It's worth noting here that it's a lot tougher for seniors to get a job simply because most employers will look to younger employees to drive their businesses. Furthermore, it's no guarantee that your health, or the health of close family members, will cooperate and allow you to get a job after your initial retirement -- so don't count on it. However, if you can work, those extra couple of years could wind up making a substantial difference.
10. Hold off on filing for Social Security benefits
You've probably heard this a fair number of times before, but if you do wind up working well into your 60s, or you choose to head back into the workforce following your initial retirement, relying on your work income to cover your basic expenses can be a smart move that allows you to hold off on filing for Social Security benefits.
As it stands now, eligible retirees can claim Social Security benefits between ages 62 and 70. Each year that you hold off on filing for benefits, your net benefit grows by 8%. Wait until the last moment possible, at age 70, and you'll be paid the maximum monthly Social Security benefit (based on your income history over your 35 highest income years) that you're entitled to. Even if Social Security cuts are coming over the next two decades, this could help lengthen the life of your nest egg.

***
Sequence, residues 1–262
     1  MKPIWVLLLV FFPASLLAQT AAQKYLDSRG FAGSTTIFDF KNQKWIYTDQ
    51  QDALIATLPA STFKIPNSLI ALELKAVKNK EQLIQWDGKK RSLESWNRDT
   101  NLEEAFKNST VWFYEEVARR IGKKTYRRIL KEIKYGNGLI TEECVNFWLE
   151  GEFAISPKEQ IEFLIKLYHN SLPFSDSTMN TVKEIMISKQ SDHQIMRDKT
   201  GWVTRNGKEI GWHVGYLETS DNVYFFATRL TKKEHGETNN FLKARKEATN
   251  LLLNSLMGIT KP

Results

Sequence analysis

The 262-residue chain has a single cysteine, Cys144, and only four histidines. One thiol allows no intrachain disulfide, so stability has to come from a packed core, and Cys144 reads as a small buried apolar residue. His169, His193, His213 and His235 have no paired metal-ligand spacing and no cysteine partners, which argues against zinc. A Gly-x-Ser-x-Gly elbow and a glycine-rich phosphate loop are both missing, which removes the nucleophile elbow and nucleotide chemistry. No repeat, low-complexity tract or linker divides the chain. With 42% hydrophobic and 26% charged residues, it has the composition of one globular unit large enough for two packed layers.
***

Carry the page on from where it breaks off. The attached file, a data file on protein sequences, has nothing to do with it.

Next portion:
11. Regularly visit your doctor
Another good idea is making sure you visit your primary care physician on a regular basis.